My source asked to have his name and that of his employer omitted from the story because he fears potential reprisals from the alleged organized criminal perpetrators of this scam. According to my source, several of his employer’s ATM installation and maintenance technicians in the Cancun area reported recently being approached by men with Eastern European accents, asking each tech if he would be interested in making more than 100 times his monthly salary just for providing direct, physical access to the inside of a single ATM that the technician served.

One of my source’s co-workers was later found to have accepted the bribes, which apparently had only grown larger and more aggressive after technicians in charge of specific, very busy ATMs declined an initial offer.

My source said his company fired the rogue employee who’d taken the bait, but that the employee’s actions had still been useful because experts were now able to examine the skimming technology first-hand. The company tested the hardware by installing it into ATMs that were not in service. When they turned the devices on, they discovered each component was beaconing out the same Bluetooth signal: “Free2Move.”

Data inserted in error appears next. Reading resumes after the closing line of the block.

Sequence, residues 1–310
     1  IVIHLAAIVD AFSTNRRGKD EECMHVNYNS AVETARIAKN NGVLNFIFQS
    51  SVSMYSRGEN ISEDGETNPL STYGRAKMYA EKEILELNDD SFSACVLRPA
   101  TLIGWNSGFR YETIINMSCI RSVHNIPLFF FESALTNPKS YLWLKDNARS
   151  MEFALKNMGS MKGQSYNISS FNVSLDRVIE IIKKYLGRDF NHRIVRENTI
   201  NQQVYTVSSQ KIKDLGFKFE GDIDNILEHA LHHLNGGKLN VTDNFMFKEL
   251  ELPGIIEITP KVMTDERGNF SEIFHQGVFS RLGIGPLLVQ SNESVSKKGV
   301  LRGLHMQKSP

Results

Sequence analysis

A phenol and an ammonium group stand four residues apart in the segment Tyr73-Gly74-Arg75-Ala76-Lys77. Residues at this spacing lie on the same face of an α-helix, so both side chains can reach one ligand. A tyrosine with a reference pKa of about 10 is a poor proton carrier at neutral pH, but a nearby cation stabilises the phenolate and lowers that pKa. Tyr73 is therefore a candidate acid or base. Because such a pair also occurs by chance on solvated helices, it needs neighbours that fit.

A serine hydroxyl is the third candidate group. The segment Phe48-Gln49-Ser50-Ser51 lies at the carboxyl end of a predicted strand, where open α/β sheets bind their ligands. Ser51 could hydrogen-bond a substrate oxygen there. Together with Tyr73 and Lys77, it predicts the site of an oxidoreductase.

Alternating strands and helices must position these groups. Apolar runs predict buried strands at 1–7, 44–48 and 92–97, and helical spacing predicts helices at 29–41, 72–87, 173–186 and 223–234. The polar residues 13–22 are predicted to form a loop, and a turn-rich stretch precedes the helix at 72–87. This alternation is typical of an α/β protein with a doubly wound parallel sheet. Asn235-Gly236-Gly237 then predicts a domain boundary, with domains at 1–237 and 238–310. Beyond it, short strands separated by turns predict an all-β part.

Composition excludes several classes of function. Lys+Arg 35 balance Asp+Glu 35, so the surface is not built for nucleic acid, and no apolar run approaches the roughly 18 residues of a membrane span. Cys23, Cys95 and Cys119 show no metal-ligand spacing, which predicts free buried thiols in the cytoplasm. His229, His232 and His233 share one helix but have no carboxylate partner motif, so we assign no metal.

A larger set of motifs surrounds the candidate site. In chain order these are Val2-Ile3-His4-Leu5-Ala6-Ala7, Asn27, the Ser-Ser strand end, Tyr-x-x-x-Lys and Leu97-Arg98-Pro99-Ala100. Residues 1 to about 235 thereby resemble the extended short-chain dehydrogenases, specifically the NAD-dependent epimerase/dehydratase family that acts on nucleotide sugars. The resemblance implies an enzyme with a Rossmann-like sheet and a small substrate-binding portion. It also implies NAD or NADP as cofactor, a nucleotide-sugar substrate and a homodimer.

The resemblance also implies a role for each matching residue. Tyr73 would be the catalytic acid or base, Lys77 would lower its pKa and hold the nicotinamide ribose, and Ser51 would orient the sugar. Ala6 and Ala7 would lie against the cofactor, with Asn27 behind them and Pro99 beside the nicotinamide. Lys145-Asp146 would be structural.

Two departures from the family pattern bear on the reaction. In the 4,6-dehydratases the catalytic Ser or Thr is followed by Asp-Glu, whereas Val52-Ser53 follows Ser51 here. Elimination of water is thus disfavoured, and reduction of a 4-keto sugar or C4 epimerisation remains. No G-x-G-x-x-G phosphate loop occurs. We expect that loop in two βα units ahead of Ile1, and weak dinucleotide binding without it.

Turns out, Free2Move is the default name for a bluetooth beacon in a component made by a legitimate wireless communications company of the same name. I also located a sales thread in a dubious looking site that specializes in offering this technology in mini form for ATM PIN pads and card readers for $550 per component (although the site claims it won’t sell the products to scammers).